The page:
Bodacious Beats

A few of these songs invoke De La Soul.

The Wiseguys come to America with some serious big beat credentials. They're

long-term members of the illustrious Wall of Sound family that's given us the

Propellerheads and Les Rythmes Digitales, and they recently scored a number two hit in the

UK with "Ooh La La" (RealAudio excerpt), one of those cheeky dance-floor anthems that's

impossible to dislike.

The Wiseguys' marriage of club credibility and dumb celebration perfectly embodies the

"big beat" ethos and is used to great effect on The Antidote. Other similarly good-natured cuts include "Start the

Commotion" (almost a beat-for-beat remake of "Ooh La La"), "Cowboy 78" (RealAudio excerpt) and the

brief opener "Re-Introduction."

But what audiences often forget about big beat, and particularly about the Wall

of Sound acts, is the extent to which hip-hop has influenced their lives. Theo

Keating — a.k.a. Touche, a.k.a. the one and only member of the Wiseguys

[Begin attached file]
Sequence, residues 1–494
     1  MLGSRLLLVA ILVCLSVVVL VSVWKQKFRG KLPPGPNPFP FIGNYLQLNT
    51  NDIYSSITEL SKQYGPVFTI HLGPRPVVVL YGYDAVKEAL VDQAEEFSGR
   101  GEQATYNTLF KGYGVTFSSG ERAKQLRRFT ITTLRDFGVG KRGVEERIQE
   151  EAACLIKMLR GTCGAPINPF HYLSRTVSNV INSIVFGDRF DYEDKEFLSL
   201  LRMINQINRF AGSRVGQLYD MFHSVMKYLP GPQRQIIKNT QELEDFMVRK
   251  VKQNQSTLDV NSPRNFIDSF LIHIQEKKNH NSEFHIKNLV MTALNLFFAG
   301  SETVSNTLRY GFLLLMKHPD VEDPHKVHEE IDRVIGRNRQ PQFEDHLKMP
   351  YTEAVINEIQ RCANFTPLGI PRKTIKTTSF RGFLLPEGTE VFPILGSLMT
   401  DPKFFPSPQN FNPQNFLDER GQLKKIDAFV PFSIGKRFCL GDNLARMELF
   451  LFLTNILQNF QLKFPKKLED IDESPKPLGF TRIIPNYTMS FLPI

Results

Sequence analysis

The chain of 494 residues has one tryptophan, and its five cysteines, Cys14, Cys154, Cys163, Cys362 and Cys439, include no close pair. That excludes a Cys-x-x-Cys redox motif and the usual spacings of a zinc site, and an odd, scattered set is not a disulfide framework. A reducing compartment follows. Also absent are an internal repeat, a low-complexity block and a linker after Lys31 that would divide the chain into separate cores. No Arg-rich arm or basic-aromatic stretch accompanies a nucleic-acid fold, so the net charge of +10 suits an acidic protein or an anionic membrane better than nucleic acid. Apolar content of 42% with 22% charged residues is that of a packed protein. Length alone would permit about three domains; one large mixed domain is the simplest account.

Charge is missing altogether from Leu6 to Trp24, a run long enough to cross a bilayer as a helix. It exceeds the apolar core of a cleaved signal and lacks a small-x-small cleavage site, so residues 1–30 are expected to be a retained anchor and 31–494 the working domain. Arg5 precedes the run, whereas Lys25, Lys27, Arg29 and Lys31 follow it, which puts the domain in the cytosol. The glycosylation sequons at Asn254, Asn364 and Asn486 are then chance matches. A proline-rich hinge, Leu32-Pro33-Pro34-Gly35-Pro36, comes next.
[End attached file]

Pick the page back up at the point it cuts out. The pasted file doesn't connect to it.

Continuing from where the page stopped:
— was one of many British kids raised on the music of Run D.M.C. and LL

Cool J in the early '80s. If this is not immediately apparent from the boombox

simplicity of his backbeats, it certainly will be from the rap throughout The

Antidote.

The Wiseguys' vocals are mainly provided by NYC's Shootyz Groove members Sense

Live, Season and J Nice. Tracks like "The Grabbing Hands," "We Be The Crew" and

"Who the Hell?" (RealAudio excerpt) are reminiscent of the D.A.I.S.Y.-Age heyday of De La Soul and

the Jungle Brothers, when rap strived to be both pleasant to listen to and

intellectually challenging. But while some of the soft samples used underneath

these raps sit comfortably alongside the kitschy nature of the Wiseguys' more

danceable cuts, the overwhelming sincerity of the vocal contributions is in dark

contrast to the frivolous nature

of the cuts that surround it.

This dichotomy is compounded by what I feel compelled to call filler material

— easy-listening, cinematic collages like "Face the Flames" and "Au Pair

Girls" that would work well as B-sides but stretch the album toward the

uncomfortably long 70-minute mark. There can be no doubt as to the Wiseguys'

musical capabilities and even flashes of pure genius, but there is an argument

to be made that Touche's music is best enjoyed in smaller, more compatible

doses.